Staff Picks: Flavorwire’s Favorite Cultural Things This Week


Need a great book to read, album to listen to, or TV show to get hooked on? The Flavorwire team is here to help: in this weekly feature, our editorial staffers each recommend the cultural object or experience they’ve enjoyed the most in the past seven days. Click through for our picks, and tell us what you’ve been loving in the comments.

Troubled Daughters, Twisted Wives: Stories from the Trailblazers of Domestic Suspense (ed. Sarah Weinman)

Everyone loves a good, pulpy beach read, and Weinman’s collection is a blast from the nearly forgotten past. These “domestic suspense” stories, all written by women and most published in cheap mystery magazines between the 1940s and the ’70s, set their psychological thrills against a backdrop of mid-century romance and family life. If you (like most people) are unfamiliar with the subgenre, you might be lured in by Patricia Highsmith’s and Shirley Jackson’s marquee names — but my favorite stories so far come from more obscure contributors. Vera Caspary’s “Sugar and Spice” is a twisty, almost novella-length tale of the deadly competition between a beautiful but poor girl and her rich, homely cousin; “The Purple Shroud” by Joyce Harrington, meanwhile, is so gorgeous and creepy that describing it in any more detail than that would be to risk spoiling it. — Judy Berman, Editor-in-Chief


HAIM – “The Wire”

I’ve been obsessed all week with HAIM tracks, and lo and behold they’ve gone and released their video for “The Wire.” Watch above! — Michelle Dean, Editor-at-Large

The Big Payback by Dan Charnas

This week I finished reading Dan Charnas’ The Big Payback, an exhaustive and fascinating book that examines the history of hip hop and, in particular, the business side of the genre, tracking its rise from the humblest of beginnings to become the commercial behemoth we know today. It’s incredibly well researched, very well written, and a thoroughly engaging read from start to finish. Highly recommended. — Tom Hawking, Music Editor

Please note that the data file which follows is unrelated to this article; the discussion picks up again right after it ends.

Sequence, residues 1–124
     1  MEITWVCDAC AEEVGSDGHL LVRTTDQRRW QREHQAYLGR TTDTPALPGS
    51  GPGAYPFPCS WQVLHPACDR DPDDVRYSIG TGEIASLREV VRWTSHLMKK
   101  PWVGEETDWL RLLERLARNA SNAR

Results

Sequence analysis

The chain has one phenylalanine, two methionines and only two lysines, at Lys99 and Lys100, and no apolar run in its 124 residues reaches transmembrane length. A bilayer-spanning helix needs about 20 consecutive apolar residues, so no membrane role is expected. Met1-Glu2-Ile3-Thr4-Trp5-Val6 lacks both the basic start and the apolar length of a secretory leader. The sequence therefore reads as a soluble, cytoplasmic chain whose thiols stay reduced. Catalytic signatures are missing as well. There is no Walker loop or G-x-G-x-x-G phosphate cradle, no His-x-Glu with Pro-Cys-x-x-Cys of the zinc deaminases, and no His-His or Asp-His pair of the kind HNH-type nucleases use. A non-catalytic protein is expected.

Rebel Yell: A New Generation of Turkish Women Filmmakers at the Toronto International Film Festival

In the past few years, female directors have quietly risen in the Turkish film industry, using a docu-fiction style to find a voice. Several of their works are featured in a week-long TIFF series that opens tomorrow. “When I looked at the selections for the ‘national competition’ at the Istanbul International Film Festival in 2012 and 2013, and the Turkish films at the Istanbul Independent Film Festival (otherwise known as IF Istanbul), I was struck by the number of films authored by women, but more so, by their subversive tenor and/or artistic voice of their films,” programmer Rasha Salti said of the series, Rebel Yell: A New Generation of Turkish Women Filmmakers. Even if you can’t attend, keep an eye out for these films when they reach your local theater to show your support. — Alison Nastasi, Weekend Editor


Magjid Jordan — Afterhours

For the last 96 hours I have been listening exclusively to the duo Majid Jordan. They just released an EP titled Afterhours, and it’s phenomenal. The production is spot-on, lead singer Majid has a voice like a versatile angel, and the songwriting is incredibly solid. If you want an upbeat summer song to counteract the fact that August would rather freeze you to death then give you a warm sendoff into fall, turn on their track “Hold Tight.” — Lillian Ruiz, Social Media Director

Early-career Tom Cruise

I watched a bunch of Tom Cruise movies this weekend for reasons I’m still not totally clear on, but I came to the realization that starting with Risky Business in 1983 until about 1999, when he did Eyes Wide Shut, Tom Cruise actually had a really great run of movies, no matter how much fun I want to make fun of him. — Jason Diamond, Literary Editor